An estimated 72 percent of the state's registered voters are expected to cast ballots. Here's a look at the top races and factors impacting the day.
Voters in Columbia and Boone County who need a ride to the polls have several options.
Proposition E would "prohibit the governor or any state agency, from establishing or operating state-based health insurance exchanges unless authorized by a vote of the people or by the legislature."
Democrat Stephen Webber and Republican Fred Berry are competing to represent the new House district, which encompasses much of the city's Fourth and Fifth wards.
Fred Berry says he would bring honor and integrity to the state representative office as he runs against incumbent Stephen Webber in the 46th House District.
Stephen Webber, who has represented the 23rd District for four years, will try to win another term, this time in the 46th District.
The Missourian has published a number of articles to help inform voters about the candidates and ballot issues for the 2012 general election.
If the tax passes, money could go toward a variety of services listed in the state law that allows counties to levy a tax for children's mental health, including temporary shelter, crisis intervention and early intervention.
The new House district is diverse and includes parts of western and central Columbia, along with Harrisburg, Rocheport and Higbee.
Caleb Jones, running unopposed for the state House seat in the 50th District, prepares to represent an area that spans the Missouri River and includes parts of Boone, Cole and Moniteau counties.
Democrat John Wright is one of two candidates seeking to represent Missouri's new 47th House District.
Columbia Republican Mitch Richards hopes to win the opportunity to represent Missouri's new 47th House District.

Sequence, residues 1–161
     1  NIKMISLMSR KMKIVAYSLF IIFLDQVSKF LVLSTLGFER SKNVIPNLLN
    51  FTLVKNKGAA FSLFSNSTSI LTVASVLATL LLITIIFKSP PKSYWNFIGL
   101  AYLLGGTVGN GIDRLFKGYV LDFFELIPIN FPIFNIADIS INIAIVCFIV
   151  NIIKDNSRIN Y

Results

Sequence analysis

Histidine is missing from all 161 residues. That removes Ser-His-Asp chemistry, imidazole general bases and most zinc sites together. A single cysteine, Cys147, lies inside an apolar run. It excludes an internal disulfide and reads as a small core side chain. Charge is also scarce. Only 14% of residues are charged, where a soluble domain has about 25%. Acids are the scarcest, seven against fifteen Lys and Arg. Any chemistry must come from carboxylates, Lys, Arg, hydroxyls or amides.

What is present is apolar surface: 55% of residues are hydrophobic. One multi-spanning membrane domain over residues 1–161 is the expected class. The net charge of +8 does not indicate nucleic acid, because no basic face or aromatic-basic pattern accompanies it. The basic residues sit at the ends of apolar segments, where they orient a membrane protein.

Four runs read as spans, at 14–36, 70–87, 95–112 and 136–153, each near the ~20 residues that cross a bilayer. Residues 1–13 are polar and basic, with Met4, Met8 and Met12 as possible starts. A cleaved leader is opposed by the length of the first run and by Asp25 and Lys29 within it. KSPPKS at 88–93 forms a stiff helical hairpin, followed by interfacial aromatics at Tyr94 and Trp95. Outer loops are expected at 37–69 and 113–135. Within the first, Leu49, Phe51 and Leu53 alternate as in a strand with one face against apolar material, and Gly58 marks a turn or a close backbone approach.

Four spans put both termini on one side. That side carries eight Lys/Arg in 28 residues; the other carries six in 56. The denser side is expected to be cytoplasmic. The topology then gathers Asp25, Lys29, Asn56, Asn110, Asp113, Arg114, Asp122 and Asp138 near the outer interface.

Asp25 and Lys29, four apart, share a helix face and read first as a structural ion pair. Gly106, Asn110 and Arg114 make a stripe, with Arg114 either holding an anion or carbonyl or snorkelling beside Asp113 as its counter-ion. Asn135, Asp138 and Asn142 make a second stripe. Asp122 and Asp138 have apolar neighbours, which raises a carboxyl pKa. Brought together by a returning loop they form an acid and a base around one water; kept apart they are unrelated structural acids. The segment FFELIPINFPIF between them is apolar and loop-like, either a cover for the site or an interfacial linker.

A coalition backs Missouri Proposition A, which if passed would result in a quarter-cent sales tax increase for children's mental health, because the group thinks the tax revenue could be used to expand housing for kids in crisis.
The Missourian takes a look at candidates' positions on major issues in Missouri's U.S. Senate race.
U.S. Sen. Claire McCaskill, D-Mo., stands by the Affordable Care Act while U.S. Rep. Todd Akin, R-St. Louis, has vowed to either repeal or chip away at it. Libertarian candidate Jonathan Dine also wants to repeal the Affordable Care Act.
U.S. Sen. Claire McCaskill, D-Mo., agrees with U.S. Rep. Todd Akin, R-St. Louis, that educational decisions are best made at local and state levels, but they disagree on what role the federal government should take. Libertarian candidate Jonathan Dine believes the federal government should shift its focus to educating Americans in skilled trades.
U.S. Sen. Claire McCaskill, D-Mo., and U.S. Rep. Todd Akin, R-St. Louis, both support the Keystone XL Pipeline project. Libertarian candidate Jonathan Dine has not publicly stated any specific policies regarding energy.
U.S. Sen. Claire McCaskill, D-Mo., believes in enacting long-term debt reduction; U.S. Rep. Todd Akin, R-St. Louis, wants to cut federal outlays, cap the debt ceiling and balance the federal budget; and Libertarian candidate Jonathan Dine says he would vote "no" on any legislation containing earmarks.
U.S. Sen. Claire McCaskill, D-Mo., supports the Senate's 2012 five-year farm bill, and U.S. Rep. Todd Akin, R-St. Louis, has said he will work to stop federal regulations that might affect farm operations. Libertarian candidate Jonathan Dine has not publicly stated any specific policies regarding farming policies.
This article is one of an eight-part series that examines where U.S. Sen. Claire McCaskill, D-Mo., U.S. Rep. Todd Akin, R-St. Louis, and Libertarian candidate Jonathan Dine stand on some of the issues important to Missouri voters.